Special Double Issue 26.1 & 26.2 Publishing October 2022

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Topics of Interest

HMA organizations and personnel are shifting priorities and redesigning their on-the-ground operations to accommodate the situation in Ukraine. Amidst an evolving and complicated situation, a compromised healthcare system, and lack of surveyed contaminated land, how are organizations conducting operations in Ukraine? What are the unique requirements and challenges of working in Ukraine right now? How do organizations quickly adapt their operations when conflict erupts? And how is the community targeting specific at-risk groups such as children or those disabled by explosive ordnance? How is the sector pivoting and adapting their work in response to the current conflict? 

DEI encapsulates race, disability, gender, gender identity, nationality, ethnicity, socio-economic status, religion, caste, age, etc. What do DEI initiatives look like in HMA? What does it mean for HMA donors and organizations to act equitably? What does this sound like (language), look like (social media), and act like (organizational  operations)? The Journal is accepting articles on how organizations are approaching and encapsulating DEI initiatives within the sector. 

Equitable Social Media and Marketing: Social media is a powerful tool for organizations to tell their stories, highlight operations, beneficiaries, and money well spent.  We use social media to fundraise, raise awareness, and market ourselves. When highlighting beneficiaries of our programs, are we including the knowledge, and experiences of those we’re aiding? Are we cognizant of not using an individual’s disability, socioeconomic status, or trauma to highlight our needs and successes? How closely have we evaluated the language we use, and have we taken an intersectional lens to the ways in which we use images and stories of the people we ‘assist’? How do we create an equitable social media landscape and move away from aid recipients to partners?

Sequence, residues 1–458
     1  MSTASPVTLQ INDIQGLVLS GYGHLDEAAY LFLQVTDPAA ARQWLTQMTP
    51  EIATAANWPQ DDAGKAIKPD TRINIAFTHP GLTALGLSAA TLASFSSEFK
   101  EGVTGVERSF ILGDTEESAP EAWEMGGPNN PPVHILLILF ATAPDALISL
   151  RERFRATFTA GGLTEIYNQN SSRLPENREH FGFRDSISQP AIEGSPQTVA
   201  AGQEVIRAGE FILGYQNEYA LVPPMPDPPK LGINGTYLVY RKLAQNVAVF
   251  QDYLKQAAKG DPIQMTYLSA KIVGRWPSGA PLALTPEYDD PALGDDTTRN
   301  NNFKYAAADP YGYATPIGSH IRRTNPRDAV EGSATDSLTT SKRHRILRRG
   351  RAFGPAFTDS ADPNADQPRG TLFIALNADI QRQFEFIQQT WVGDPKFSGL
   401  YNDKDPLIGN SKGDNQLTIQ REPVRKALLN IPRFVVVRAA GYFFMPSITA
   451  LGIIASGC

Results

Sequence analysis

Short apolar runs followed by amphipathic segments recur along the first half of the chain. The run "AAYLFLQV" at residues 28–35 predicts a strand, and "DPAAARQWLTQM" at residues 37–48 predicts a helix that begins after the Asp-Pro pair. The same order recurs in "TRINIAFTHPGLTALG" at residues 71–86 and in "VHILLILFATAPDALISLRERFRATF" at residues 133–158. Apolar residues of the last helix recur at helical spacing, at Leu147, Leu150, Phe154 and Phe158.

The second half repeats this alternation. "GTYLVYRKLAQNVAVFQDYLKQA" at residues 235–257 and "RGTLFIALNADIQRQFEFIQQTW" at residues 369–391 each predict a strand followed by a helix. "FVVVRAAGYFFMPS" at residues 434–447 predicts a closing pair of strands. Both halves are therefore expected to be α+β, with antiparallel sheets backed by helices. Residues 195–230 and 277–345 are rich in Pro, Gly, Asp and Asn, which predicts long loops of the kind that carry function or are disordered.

Accessibility and Inclusion: How accessible and inclusive are our communications, trainings, and on-the-ground operations? The Journal seeks articles on how the sector is working to ensure that their daily operations and output—from EORE and survivor assistance programs and trainings, to hiring and visibility of all stakeholders—are accessible to and inclusive of our global community and beneficiaries.

Article 5 of the Anti-Personnel Mine Ban Treaty obligates State Parties to clear all mined areas on territory under their jurisdiction or control, including border areas. However, extension requests frequently cite that border agreements must be reached before meeting Article 5 deadlines. How can States sharing borders work together to achieve clearance? How can EORE and survivor assistance programs adapt to support border communities, migrants,  and refugees? How can casualty data collection improve to better inform EORE and clearance efforts?

With the evolving nature of AI, what measures are in place and/or necessary for HMA organizations using AI? Is there a need for standards within the IMAS? How are organizations currently using this technology working within national and international legislation? 

According to the Landmine and Cluster Munition Monitor, in 2020,  there were 1,872 child casualties where the age group was known. Children made up half of civilian casualties and 81 percent of child casualties were boys. Children were killed/injured by mines/ERW in 34 states in 2020, with Afghanistan and Syria having the highest number of child casualties. How have HMA organizations adapted their EORE programs in conflict environments such as Ukraine? What considerations will need to be taken into account in the future? And how are organizations using social media to reach at-risk populations? 

According to the Landmine and Cluster Munition Monitor 2021, cluster munition casualties have been on the rise since 2009, with civilians accounting for all casualties recorded since 2020, and children representing 44 percent of all known casualties. With casualties recorded in several countries (Azerbaijan, Cambodia, Iraq, Lao PDR, South Sudan, Syria, Yemen, and Nagorno-Karabakh) and confirmed use in Ukraine, how are organizations handling assessments and best practices, technical/non-technical survey, land release, and EORE?

How has PSSM evolved over the past decade? The Journal seeks articles on changes in risk assessment, effective accountability/inventory systems, conducting training/risk assessments; maintaining physical infrastructure of storage sites; destruction of surplus and obsolete stockpiles, etc. What have we learned and what is the way forward?